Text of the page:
A recent published report called 'Mobile Coupons: Gold Rush Or Fool's Gold?' shows that both consumers and advertisers are curious about mobile coupons but that few consumers have trialed mobile coupons. Our Technographics data uncovers that only 3% have requested a coupon via cell phone, and only another 3% have actually used a mobile coupon. But mobile coupons help marketers reach new audiences, particularly those consumers ages 18 to 24 — 79% of whom typically spend less than 1 hour per week reading a newspaper. Younger consumers are most interested in mobile offers, especially for restaurants, drinks, and music/DVDs.
Advertisers will need to realize that some consumers — especially younger, new customers — may be mobile-only and that this mobile-only audience requires different promotions to encourage the behavior that merchants seek. Start with campaigns that are close to their heart (or mouth to be more precise) to win them over.
Online banking has shown a fair amount of growth over the years in Europe. Forrester's Technographics® data shows that more than 50% of European Net users bank online today, up from about 35% in 2002. Northern Europe leads in the adoption of online banking, with 90% of Dutch and 87% of Swedish online consumers having used it in the past three months.
Interestingly, the countries that close the list with regards to online banking are actually leading the uptake of mobile banking in Europe. In Spain and Italy, about one in five mobile phone owners uses some kind of mobile banking — for example, to check their account balance, transfer money, or pay bills using text messaging (SMS) or the mobile Internet.
About 40% of US online adults now have a home theater audio system connected to their TVs, providing a better sound experience than the typical speakers connected to a PC or those built into a boom box. Forrester’s Consumer Technographics® data shows that US consumers who have home theater systems take home entertainment seriously; they have a variety of entertainment devices, including set-top boxes, connected to their TVs.
I've been analyzing consumer technology uptake for years — helping retailers, for example, understand the barriers to and drivers of online buying behavior. Forrester's Technographics® research shows that preferred online payment methods differ greatly between countries, and companies need to understand this complexity of payment options and how that affects consumer behavior.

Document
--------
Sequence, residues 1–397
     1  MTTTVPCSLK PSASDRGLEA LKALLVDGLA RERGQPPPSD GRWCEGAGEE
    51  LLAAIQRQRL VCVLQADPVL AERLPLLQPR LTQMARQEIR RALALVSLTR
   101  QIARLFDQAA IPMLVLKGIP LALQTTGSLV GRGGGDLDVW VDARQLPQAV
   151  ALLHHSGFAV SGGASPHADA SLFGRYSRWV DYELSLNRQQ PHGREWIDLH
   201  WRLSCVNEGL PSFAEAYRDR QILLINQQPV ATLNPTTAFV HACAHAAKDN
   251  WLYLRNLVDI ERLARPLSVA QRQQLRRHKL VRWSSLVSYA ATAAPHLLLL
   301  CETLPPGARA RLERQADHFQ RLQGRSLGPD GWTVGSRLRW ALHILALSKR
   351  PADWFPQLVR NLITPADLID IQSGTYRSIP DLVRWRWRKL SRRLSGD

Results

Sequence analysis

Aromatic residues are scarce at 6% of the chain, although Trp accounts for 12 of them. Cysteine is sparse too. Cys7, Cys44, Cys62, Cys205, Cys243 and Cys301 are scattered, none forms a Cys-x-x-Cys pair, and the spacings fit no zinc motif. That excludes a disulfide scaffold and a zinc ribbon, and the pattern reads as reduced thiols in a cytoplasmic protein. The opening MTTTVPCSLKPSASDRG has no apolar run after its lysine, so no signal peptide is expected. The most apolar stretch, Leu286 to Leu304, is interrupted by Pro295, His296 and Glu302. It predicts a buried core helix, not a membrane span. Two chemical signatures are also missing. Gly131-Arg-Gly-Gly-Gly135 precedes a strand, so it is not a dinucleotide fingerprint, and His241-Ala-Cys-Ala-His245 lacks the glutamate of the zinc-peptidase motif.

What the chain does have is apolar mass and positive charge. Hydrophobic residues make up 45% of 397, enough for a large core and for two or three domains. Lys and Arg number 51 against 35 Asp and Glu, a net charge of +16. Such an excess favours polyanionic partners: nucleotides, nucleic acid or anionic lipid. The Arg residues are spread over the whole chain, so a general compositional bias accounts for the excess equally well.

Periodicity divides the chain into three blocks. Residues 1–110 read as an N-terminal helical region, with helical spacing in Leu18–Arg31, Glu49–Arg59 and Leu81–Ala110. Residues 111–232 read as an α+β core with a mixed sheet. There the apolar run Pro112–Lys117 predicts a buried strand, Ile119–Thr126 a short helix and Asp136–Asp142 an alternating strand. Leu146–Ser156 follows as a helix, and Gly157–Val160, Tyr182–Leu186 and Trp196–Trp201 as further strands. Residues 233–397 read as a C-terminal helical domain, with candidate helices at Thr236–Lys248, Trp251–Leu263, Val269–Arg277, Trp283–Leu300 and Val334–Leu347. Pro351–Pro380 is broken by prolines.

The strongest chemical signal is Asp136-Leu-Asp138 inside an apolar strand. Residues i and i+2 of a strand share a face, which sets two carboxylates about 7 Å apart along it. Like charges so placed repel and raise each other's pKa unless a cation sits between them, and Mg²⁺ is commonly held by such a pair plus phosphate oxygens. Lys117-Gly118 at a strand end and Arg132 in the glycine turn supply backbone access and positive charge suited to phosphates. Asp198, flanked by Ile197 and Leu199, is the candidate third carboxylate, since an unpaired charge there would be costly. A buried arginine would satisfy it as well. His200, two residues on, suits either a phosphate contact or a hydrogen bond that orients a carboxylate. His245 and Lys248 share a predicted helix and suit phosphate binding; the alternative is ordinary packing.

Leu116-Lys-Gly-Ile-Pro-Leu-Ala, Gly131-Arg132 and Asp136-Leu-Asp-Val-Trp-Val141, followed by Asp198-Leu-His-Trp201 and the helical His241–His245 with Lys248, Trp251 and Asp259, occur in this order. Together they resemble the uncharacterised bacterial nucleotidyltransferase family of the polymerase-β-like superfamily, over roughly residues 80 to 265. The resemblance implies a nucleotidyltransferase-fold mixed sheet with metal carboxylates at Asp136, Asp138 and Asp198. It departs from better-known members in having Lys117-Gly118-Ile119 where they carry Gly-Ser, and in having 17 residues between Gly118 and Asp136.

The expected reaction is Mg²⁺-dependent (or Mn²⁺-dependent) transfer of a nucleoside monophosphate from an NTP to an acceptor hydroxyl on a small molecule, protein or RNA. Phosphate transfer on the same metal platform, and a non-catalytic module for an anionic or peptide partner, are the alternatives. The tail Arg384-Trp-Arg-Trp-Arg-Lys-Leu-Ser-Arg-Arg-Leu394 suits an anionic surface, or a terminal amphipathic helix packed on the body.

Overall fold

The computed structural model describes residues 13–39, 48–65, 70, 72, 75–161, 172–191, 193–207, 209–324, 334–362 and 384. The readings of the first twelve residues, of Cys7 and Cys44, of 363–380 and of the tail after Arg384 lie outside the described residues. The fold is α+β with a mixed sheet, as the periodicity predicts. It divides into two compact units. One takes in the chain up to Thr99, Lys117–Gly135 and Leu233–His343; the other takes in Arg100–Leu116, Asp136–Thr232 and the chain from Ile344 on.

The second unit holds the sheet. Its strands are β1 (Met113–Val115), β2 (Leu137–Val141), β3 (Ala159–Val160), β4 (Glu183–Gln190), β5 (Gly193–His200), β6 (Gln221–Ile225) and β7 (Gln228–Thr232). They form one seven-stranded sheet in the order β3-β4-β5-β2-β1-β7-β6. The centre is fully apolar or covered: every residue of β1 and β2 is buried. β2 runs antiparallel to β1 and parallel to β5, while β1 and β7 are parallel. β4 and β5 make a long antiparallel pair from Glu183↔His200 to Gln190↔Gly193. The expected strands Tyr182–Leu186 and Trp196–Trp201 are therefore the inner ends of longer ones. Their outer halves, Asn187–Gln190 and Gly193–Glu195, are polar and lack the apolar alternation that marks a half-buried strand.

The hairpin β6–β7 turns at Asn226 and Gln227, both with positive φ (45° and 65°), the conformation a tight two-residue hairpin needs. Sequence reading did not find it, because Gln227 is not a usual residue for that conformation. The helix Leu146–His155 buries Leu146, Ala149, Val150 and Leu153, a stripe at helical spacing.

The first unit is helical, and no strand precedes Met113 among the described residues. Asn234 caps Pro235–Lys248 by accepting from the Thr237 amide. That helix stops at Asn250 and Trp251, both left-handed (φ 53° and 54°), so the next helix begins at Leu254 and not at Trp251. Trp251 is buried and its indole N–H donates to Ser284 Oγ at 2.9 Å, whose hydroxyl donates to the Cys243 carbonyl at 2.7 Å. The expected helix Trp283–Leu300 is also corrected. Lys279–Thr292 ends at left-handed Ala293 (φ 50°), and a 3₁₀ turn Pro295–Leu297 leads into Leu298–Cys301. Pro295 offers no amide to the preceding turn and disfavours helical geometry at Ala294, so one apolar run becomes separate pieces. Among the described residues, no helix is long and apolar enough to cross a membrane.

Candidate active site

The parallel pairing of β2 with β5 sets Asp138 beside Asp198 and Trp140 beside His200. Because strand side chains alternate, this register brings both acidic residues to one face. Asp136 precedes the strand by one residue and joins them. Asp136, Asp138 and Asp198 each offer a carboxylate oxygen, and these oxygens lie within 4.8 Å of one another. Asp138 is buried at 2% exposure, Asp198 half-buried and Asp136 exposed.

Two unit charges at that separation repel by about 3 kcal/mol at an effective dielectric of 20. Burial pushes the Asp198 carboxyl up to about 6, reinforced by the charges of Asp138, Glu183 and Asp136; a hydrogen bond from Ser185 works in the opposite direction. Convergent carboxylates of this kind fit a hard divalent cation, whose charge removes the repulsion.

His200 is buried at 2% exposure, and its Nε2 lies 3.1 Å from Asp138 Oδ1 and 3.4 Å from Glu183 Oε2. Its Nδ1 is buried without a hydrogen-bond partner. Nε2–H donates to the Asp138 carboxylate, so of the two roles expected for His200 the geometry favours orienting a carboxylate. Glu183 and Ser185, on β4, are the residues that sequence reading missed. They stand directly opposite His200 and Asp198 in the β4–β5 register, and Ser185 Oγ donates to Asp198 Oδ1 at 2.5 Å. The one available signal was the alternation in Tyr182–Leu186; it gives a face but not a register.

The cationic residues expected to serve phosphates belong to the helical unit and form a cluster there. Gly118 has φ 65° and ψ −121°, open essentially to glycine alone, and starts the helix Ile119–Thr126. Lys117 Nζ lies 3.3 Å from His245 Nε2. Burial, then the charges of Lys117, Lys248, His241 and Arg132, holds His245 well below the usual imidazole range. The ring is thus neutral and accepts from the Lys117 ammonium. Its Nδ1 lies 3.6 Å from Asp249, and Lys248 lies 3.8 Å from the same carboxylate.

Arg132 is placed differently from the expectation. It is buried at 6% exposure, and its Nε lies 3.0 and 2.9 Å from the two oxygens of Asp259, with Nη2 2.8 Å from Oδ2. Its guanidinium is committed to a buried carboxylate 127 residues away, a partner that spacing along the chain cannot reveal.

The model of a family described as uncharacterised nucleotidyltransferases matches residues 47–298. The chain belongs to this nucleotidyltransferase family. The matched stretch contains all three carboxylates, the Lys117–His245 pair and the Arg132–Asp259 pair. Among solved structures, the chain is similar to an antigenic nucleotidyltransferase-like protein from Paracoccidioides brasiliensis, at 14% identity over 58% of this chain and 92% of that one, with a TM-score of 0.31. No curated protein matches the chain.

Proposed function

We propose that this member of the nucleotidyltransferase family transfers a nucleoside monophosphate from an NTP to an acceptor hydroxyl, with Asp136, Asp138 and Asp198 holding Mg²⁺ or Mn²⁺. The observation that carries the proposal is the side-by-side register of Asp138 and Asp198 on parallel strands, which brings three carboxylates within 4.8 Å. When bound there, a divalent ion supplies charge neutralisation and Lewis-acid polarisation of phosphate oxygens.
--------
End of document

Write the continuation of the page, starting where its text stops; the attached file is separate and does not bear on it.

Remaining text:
Unlike in North America, where the top payment methods tend to be similar in the countries surveyed (the US and Canada), the payment preferences of online buyers in Europe differ both between countries and from their North American counterparts. For example, the popularity of prepaid cards is unique to Italy: Roughly a third of Italian online users have taken advantage of prepaid cards. Global organizations need this detailed understanding of consumer payment preferences across markets in order to be successful internationally.
This week my colleague James McQuivey published a report called 'Casual Video Piracy Kept At Bay For Now'. Forrester's Technographics research shows that online video piracy is a minority behavior. Just 7% of US online adults regularly engage in peer-to-peer (P2P) file sharing, and less than half of them use it for video files. In fact, more people have given up on P2P file sharing than currently still do it.
Another data point in this report revealed that everyone prefers a legal alternative. Our respondents were eager to reassure us that they prefer to use legal sites for watching videos, if these would give them a convenient way to serve their video needs.
Americans spend a lot of time playing games, and not only the young. Our Technographics data show that all generations spend about 7 hours a week playing PC games, but younger consumers top this up with playing games on consoles, handhelds, and mobile phones. Generation Y spends close to 20 hours a week playing games!
Grocery shopping is one of the largest offline retail categories but our Technographics data shows that it has one of the lowest online retail penetration figures in the US: Less than 10% of online adults have purchased groceries online and only 16% of online grocery buyers purchase groceries online more than once a month.
This week the Superbowl earned with 106.5 million viewers the Number One spot of the most watched program ever in the US, which proofs that online video hasn't killed the TV star yet. (Side note: did you know that until now the 1983 M*A*S*H final held this position?).
Just after X-mas there were a lot of tweets about the news that Amazon.com had sold more ebooks at Christmas day than real books, as a result of the Kindle being the most gifted item in Amazon's history.